Resilience in Addition to Strength:
The BOP has been in overall surplus since 1996-97 with forex reserves rising, on an average, by $8.50 billion per annum during 1996-97 to 2004-05. The current account also turned into surplus during 2001-02 after a gap of 24 years (current account surplus was last recorded in 1977-78). During 2002-04, BOP on current account remained in surplus. CAS could be attributed to the following factors:
• Buoyancy in private transfers.
• Fast expansion in software exports.
CAS, accompanied by accelerated net capital inflows resulted in a huge increase in forex reserves. This also facilitated the Government's decision in early-2003 to effect repayment of foreign loan of $1.54 billion due to IBRD and another loan of $1.25 billion to the ADB. However, current account surplus may be temporary feature for the economy. A sustainable current account surplus must be based on reasonable export and import growth, consistent with the rising development needs and export competitiveness of Indian products abroad.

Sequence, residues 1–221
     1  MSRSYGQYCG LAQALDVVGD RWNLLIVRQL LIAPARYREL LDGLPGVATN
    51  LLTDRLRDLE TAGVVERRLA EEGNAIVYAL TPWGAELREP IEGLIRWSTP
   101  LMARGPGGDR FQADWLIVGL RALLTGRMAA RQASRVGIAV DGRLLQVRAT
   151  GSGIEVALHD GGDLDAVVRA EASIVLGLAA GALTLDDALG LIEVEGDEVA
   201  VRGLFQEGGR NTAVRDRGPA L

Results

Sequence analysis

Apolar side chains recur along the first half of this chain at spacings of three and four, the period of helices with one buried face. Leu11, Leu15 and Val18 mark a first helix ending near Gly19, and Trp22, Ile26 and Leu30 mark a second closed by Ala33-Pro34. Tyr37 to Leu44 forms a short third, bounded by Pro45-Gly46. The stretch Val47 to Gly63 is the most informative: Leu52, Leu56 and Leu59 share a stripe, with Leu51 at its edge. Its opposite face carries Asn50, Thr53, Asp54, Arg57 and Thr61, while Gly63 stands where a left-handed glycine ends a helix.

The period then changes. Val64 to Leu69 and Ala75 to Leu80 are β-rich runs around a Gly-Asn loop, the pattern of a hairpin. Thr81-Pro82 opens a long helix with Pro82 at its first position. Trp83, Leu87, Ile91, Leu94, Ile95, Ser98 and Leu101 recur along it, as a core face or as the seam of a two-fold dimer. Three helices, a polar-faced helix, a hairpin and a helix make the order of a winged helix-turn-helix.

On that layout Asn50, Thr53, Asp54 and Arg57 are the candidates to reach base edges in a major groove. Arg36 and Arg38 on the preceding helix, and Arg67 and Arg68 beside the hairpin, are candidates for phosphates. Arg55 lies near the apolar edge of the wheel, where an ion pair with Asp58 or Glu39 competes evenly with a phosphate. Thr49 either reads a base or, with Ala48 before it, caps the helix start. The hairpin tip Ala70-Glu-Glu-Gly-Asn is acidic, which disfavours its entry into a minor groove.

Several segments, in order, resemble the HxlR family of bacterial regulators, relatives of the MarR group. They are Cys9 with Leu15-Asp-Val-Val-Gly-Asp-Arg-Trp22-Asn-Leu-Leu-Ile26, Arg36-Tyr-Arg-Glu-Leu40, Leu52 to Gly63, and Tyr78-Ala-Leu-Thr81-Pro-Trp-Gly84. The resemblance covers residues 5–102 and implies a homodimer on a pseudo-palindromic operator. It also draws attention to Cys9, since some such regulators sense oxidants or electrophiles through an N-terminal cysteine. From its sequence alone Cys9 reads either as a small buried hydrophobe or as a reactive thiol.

The role of capital account has also undergone a change. Till recent time, the role of capital account was limited to financing the current account deficit, thus, effectively acting as a mirror image of the current account. However, with the changing composition and dimensions of capital flows, the focus is rapidly shifting towards individual constituents in the capital account. For instance, in recent years, the capital account has been dominated by flows in the form of foreign direct investments and portfolio investments.